k1052 Oct 13, 2008 2:09 PM

The the Howard branch is scheduled for work in 09 I believe.

The State St. subway track work is done. The Red Line flies nicely though it when I take it at rush.

Priority is on finishing the Blue Line track restoration and fixing the Ravenswood branch so we aren't crawling through slow zones between shiny new stations.

jjk1103 Oct 14, 2008 4:02 AM

...I would have to say as a somewhat frequent user....I'm in a certain amount of agreement with Pip.......I thought the O'hare Blue was finished with track restoration..yet it is constantly closed...and it seems that the Brown just crawls between Western and Southport (not just at the station reconstructions).....specifically what work is going to be done on the north Red (Addison to Howard) in 2009 ?? ....the lower half is absolutely terrible......

ChicagoChicago Oct 14, 2008 1:23 PM

Quote:

Originally Posted by jjk1103 (Post 3854289)
...I would have to say as a somewhat frequent user....I'm in a certain amount of agreement with Pip.......I thought the O'hare Blue was finished with track restoration..yet it is constantly closed...and it seems that the Brown just crawls between Western and Southport (not just at the station reconstructions).....specifically what work is going to be done on the north Red (Addison to Howard) in 2009 ?? ....the lower half is absolutely terrible......

I know that they are still doing track work on the brown line North of Belmont. I've seen them out there on weekends replacing old wood ties with the new composite ones.

aaron38 Oct 14, 2008 1:51 PM

My wife's commuting downtown this week, and yesterday waited 20 minutes for a #125 and said she was almost late, so she was going to take a cab today, cause she wouldn't know how long till the next bus.
So I bookmarked the CTA's bus tracker page on her iPhone, and this morning she'll be able to see exactly where the busses are as the train pulls in.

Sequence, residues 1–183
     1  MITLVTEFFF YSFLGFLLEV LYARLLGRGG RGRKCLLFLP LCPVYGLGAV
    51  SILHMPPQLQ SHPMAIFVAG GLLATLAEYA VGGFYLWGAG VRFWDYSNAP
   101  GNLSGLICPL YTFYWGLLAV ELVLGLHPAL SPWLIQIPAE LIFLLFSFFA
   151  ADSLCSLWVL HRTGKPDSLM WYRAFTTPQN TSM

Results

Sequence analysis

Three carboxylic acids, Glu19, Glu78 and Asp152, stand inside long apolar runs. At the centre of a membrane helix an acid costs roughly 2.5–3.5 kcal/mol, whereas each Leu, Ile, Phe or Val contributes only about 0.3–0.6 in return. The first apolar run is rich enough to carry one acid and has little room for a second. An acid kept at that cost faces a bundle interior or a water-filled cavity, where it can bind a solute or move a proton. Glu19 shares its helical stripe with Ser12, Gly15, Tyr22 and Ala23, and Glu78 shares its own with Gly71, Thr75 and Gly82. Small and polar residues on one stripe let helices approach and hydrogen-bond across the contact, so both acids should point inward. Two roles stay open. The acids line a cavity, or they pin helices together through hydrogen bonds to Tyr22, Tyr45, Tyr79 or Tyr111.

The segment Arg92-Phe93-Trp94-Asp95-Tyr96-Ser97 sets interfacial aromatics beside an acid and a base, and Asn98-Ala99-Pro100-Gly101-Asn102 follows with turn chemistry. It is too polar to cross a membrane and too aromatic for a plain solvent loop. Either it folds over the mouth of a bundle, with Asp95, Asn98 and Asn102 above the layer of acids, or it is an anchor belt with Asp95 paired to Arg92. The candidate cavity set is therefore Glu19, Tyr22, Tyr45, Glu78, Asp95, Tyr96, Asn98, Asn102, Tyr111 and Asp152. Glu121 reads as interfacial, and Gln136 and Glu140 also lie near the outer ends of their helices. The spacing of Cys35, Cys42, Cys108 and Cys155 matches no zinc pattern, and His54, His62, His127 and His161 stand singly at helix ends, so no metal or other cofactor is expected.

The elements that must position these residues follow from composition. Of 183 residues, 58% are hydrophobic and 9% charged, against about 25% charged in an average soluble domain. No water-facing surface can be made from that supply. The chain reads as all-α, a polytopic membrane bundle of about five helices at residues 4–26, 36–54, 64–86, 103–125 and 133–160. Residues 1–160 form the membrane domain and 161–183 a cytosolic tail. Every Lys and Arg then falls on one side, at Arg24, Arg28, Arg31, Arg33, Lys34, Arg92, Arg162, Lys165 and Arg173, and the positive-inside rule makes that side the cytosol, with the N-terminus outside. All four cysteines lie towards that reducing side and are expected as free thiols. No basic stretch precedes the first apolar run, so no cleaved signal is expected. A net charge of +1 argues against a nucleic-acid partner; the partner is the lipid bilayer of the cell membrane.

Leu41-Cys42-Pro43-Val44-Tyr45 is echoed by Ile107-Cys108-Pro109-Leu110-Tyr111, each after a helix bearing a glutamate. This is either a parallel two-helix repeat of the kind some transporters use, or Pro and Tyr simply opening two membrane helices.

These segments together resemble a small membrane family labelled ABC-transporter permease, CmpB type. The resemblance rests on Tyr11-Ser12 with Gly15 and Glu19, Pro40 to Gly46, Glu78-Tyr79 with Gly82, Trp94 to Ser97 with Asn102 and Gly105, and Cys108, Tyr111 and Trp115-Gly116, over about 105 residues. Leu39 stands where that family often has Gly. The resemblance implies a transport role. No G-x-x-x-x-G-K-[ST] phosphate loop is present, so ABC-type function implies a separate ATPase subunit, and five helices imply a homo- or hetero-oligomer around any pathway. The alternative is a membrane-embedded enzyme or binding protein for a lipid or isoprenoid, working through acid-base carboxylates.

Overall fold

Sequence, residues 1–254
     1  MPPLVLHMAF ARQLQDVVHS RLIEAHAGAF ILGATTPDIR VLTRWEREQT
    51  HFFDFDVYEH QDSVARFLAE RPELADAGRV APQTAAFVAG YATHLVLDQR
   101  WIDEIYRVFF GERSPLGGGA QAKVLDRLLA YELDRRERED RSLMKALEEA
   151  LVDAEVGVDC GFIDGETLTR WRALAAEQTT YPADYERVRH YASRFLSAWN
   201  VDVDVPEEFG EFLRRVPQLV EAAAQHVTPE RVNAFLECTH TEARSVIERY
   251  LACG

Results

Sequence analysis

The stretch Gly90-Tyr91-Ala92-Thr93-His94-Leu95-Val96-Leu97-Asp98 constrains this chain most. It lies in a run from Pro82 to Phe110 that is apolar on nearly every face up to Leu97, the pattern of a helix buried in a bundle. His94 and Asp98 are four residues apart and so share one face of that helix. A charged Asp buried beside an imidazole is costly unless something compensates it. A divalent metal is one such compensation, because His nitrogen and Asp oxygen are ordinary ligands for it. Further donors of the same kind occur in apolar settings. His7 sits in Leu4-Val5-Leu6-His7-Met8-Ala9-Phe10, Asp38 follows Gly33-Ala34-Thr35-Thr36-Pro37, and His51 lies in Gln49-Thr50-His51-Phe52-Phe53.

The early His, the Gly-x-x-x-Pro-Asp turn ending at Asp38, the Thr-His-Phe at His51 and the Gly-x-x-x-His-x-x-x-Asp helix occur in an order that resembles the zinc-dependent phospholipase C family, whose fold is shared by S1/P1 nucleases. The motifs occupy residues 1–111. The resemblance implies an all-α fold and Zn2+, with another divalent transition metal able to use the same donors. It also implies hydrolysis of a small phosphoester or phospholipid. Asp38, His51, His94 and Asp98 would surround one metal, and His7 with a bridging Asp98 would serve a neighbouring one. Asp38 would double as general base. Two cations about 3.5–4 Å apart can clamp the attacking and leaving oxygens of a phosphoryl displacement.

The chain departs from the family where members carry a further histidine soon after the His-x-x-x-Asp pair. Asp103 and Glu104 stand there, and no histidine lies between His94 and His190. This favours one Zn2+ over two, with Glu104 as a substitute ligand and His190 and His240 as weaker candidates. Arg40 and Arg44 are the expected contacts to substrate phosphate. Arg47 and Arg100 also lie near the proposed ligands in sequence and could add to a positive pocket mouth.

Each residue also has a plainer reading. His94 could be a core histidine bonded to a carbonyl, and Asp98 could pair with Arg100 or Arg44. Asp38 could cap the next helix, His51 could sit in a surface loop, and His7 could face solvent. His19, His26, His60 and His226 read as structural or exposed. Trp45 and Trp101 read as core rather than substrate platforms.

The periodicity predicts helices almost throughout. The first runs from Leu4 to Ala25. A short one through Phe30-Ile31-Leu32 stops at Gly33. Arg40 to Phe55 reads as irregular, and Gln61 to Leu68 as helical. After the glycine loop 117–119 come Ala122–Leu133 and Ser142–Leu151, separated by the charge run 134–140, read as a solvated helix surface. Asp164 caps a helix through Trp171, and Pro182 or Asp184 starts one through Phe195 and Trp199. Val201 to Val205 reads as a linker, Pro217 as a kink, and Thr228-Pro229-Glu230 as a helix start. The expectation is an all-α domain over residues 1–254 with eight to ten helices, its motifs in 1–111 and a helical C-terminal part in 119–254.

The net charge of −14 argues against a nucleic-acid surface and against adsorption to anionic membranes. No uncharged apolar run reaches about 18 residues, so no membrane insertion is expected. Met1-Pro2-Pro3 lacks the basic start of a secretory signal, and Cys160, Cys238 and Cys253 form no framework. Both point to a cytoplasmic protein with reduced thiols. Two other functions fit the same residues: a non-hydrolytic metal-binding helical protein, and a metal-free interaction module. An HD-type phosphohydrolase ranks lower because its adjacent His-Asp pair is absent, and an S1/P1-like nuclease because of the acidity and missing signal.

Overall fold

I was playing with it last night and it works great.

jpIllInoIs Oct 14, 2008 4:53 PM

Amtrak Tops One-Million-Passenger Milestone in Downstate Illinois
 
The ridership increases keep on coming

October 13, 2008
http://www.amtrak.com/servlet/Conten...35288&ssid=180

Routes with Illinois-Sponsored Trains Continue Strong Growth; National Amtrak Totals Also Reach New High, Nearing 29 Million Riders
CHICAGO – Amtrak trains operated under a contract with the Illinois Department of Transportation are drawing more passengers in the last 12 months, more than a year after additional frequencies were added. Total ridership on Downstate Illinois routes with state-supported trains has topped one million passengers for the first time in at least 30 years.

In all, 1,079,778 tickets were sold on Chicago-Bloomington/Normal-Springfield-St. Louis, Chicago-Champaign-Mattoon-Carbondale and Chicago-Galesburg-Macomb-Quincy routes for the Amtrak fiscal year ending Sept. 30. That is an increase of 143,546 passengers from the previous year, a 15 percent improvement.

"We are very excited to see the increase in ridership." said Illinois Department of Transportation Secretary Milton R. Sees. "This boost in ridership shows how important rail service is to thousands of people and Illinois DOT is proud to share in this partnership with Amtrak."